> "zeb haradon" <email@example.com> wrote:
> > Yes, point being, most were invented in nations without economic
> > restriction. I assume that all of the above answers you gave were also
> Hmm, I forgot to list gunpowder, from restricted China.
China's 'gunpowder' is merely the most extensively proven source. There is also
the use of 'greek fire' which long predates any Chinese evidence, and which has
about the same level of or lack of chemical similarity. Then there was the
development of nitrocellulose (also known as guncotton or 'smokeless powder')
which is a product of treatment of cotton or wood pulp with nitric acid. While
the British originated guncotton for use in cannon, it was not stabilized for
commercial use in small arms until the late 1800's in the US. 'Gunpowder', a
product of charcoal, sulphur, and saltpeter, has not been used in any
significant military extent since the US Civil War, and has not been used in
personal defense applications since prior to WW I.
> Most of Damien B.'s items weren't invented in nations as we use the term
> today. And 'without economic restriction' really needs qualification. His
> early examples probably came from societies with a social obligation to
> redistribute food surpluses, otherwise known as primitive famine insurance.
> (Or not even famine. Hunting can be a matter of luck as well as skill.)
> But yes, socialist countries aren't known for their high inventiveness. China
> didn't get far with the gun.
> > I can't verify that for sure. I think if I'd asked for inventions confined
> > to the 20th century, and you gave answers which were completely honest, at
> > most 1 of the 5 would be invented in a socialist leaning nation.
> > I think a nation like Australia or Canada, nations with mixed economies (I
> But most economists would not call Australia or Canada socialist, and would
> call the United States (and Japan) mixed. Japan has a ministry of
> technological development, remember, although I don't know what MITI has been
> involved in. And much of the United States' advantage (besides size and not
> having wars fought on its own soil) comes from the university system, which
> receives quite a lot of government support.
> The Internet was a military research project, remember, and funded by DARPA
> and university money for a long time. The New Economy has its roots in gov't
DARPANET was a military communications project, which no longer exists. The
nodes which made up Darpanet numbered in the hundreds, where the current
internet numbers in the hundreds of millions, most all of which is privately
funded. Saying the US Govt is responsible for the internet, rather than private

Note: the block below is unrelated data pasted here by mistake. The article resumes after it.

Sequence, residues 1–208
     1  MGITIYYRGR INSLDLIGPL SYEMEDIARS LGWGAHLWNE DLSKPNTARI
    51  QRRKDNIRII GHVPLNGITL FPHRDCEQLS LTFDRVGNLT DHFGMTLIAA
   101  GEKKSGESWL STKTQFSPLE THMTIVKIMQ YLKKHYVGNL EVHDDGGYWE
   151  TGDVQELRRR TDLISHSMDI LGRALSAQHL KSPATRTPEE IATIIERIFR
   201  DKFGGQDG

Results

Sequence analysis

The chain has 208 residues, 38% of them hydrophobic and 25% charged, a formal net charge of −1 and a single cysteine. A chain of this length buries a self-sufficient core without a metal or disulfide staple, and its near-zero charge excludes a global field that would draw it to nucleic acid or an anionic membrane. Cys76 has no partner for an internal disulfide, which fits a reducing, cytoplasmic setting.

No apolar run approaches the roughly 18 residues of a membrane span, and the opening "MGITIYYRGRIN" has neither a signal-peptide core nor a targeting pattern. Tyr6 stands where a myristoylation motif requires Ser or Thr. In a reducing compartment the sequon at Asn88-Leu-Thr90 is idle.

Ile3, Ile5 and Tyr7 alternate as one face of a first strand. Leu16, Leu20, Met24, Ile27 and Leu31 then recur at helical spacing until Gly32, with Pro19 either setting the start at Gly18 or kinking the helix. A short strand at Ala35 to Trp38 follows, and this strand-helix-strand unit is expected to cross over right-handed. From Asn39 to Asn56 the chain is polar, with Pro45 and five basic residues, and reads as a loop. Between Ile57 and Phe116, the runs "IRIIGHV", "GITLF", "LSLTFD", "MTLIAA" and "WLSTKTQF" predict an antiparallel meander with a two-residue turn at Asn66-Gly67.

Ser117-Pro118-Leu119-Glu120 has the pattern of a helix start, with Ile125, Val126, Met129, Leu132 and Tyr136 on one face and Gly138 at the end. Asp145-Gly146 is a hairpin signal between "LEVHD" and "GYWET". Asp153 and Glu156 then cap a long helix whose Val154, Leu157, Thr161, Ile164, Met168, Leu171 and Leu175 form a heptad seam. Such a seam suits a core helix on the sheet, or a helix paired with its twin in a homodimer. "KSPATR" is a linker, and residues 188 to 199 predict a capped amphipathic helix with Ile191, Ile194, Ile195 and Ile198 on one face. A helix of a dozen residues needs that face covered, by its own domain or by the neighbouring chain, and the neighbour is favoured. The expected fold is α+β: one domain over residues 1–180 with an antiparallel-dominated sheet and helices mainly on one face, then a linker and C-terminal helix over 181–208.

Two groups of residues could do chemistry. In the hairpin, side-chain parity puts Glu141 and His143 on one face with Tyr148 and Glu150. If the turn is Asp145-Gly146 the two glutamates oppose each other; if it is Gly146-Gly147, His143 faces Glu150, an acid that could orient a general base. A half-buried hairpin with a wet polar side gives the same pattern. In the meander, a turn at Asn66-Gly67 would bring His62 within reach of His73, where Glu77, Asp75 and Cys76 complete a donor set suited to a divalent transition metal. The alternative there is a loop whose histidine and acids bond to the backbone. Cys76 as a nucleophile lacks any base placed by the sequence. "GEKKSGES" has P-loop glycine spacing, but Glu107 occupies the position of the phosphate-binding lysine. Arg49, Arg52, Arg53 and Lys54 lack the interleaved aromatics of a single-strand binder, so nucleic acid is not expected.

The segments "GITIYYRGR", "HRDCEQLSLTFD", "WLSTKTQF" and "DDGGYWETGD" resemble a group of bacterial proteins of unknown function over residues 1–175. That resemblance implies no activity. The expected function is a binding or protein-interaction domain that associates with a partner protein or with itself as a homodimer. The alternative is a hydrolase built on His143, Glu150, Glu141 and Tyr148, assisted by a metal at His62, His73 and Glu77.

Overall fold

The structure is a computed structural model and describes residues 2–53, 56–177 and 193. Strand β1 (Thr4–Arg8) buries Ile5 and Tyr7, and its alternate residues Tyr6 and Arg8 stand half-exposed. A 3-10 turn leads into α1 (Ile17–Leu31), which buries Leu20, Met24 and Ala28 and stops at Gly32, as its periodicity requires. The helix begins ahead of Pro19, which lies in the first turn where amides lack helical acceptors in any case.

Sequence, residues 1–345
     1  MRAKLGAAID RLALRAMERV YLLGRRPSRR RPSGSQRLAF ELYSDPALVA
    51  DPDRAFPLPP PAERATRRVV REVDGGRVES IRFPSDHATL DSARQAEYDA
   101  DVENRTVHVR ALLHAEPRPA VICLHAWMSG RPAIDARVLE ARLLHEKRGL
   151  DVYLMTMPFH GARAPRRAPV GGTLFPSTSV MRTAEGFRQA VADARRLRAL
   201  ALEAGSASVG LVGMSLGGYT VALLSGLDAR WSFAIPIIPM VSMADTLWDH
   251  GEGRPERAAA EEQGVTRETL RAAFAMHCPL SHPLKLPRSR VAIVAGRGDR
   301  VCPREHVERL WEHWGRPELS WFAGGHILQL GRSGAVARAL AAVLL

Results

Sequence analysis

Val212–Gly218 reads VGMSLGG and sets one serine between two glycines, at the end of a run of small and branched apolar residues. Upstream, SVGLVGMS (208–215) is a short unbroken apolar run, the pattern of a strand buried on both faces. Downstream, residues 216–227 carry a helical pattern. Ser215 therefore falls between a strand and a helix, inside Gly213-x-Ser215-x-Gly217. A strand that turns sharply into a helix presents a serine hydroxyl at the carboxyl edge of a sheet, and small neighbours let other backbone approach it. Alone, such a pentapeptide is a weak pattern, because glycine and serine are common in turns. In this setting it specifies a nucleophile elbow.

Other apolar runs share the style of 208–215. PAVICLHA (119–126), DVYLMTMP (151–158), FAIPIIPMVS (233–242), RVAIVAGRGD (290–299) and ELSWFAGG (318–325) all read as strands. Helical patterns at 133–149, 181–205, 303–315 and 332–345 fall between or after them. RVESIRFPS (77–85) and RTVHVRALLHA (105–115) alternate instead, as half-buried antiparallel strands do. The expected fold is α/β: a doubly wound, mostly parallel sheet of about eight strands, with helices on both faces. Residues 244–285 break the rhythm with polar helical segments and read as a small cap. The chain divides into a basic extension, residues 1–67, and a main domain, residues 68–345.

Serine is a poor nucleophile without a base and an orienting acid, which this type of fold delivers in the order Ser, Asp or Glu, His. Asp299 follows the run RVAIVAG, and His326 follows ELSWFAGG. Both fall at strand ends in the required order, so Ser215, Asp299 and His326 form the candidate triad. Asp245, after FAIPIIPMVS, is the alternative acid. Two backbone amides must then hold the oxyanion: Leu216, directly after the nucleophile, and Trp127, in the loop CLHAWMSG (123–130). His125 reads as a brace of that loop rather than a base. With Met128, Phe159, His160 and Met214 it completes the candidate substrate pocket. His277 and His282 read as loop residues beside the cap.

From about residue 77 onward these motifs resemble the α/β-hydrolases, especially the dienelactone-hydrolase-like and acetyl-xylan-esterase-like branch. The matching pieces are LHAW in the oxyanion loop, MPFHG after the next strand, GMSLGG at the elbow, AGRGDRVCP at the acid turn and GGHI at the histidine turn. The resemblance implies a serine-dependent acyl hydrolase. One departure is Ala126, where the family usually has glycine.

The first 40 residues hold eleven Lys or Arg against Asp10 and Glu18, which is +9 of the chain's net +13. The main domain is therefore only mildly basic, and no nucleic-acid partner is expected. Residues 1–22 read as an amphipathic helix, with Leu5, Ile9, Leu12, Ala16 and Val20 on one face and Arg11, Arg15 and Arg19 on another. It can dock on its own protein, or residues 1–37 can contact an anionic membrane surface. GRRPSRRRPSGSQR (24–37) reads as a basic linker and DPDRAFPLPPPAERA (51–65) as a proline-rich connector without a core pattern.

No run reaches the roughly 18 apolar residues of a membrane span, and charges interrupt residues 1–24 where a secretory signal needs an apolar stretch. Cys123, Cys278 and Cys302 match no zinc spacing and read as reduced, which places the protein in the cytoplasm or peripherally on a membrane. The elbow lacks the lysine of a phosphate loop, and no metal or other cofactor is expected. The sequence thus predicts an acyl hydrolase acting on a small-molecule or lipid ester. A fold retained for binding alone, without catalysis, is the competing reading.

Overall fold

industry, is like saying that the Wright Brothers are responsible for the SR-71.
The US Gov't didn't get the idea for the darpanet until a private contractor
lobbied DARPA and the Senate DISC (Defense Intelligence Subcommittee) to fund
> More generally, if you ask for inventions confined to the 20th century, none
> of them will come from nations without economic restriction, if you let that
> include tariffs, high income taxes, and safety nets.
> > am making an assumption that this describes Astralia, less of an assumption
> > with Canada) would progress very slowly if not for the innovations of the
> > US.
> And size isn't insignificant. Saying the US produces more inventions than
> Canada and Australia isn't surprising. We do happen to dwarf the population
> of any other Western nation. Plus their economies have largely coalesced
> around exporting raw materials to larger countries.
The European Union has over 300 million people, 50 million more than the US, so
they should be responsible for at least 20% more inventions than the US.
> And I'm sure there are people on this list who would call the United States
> socialist, although I'd call them nuts.
I would call some states in the US socialist, or at least social democracies,
while others are far from such status. The socialist states in the US maintain
their socialist policies without goin broke by federalizing as much of the
expense for their socialist policies as possible, thus putting a large percent
of the burden for their sytems on people that live in non-socialist states via
federal taxation and redistribution.
> > There may be a lot of great inventions floating around in Australia, but
> > without the marketing and corporate aspect, they're not going to find a
> > place in the everyday life of most people.
> In the meantime those nasty European socialists seem to be enjoying better
> cell phones than we do. I think Japanese mobile data is even more advanced,
> judging by Wall Street Journal articles. They were 18 months ahead of Europe
> who were 18 months ahead of the United States.
> Note I'm not arguing that socialism works or that markets are bad. But
> simplistic black-and-white labelling gets my goat.
The cell phone phenomenon is more a matter of what does the job sufficiently.
The US is hampered by its large area, thus increasing the cost per user for the
cell infrastructure, and is why such a large percent of the US population does
not use cell phones (I don't, and while they seem neat, I don't expect to need
one until I get a cell modem on a laptop, and until they extend cell service up
to where my fishing cabin is located in northern NH).
This archive was generated by hypermail 2b29 : Mon Oct 02 2000 - 17:34:20 MDT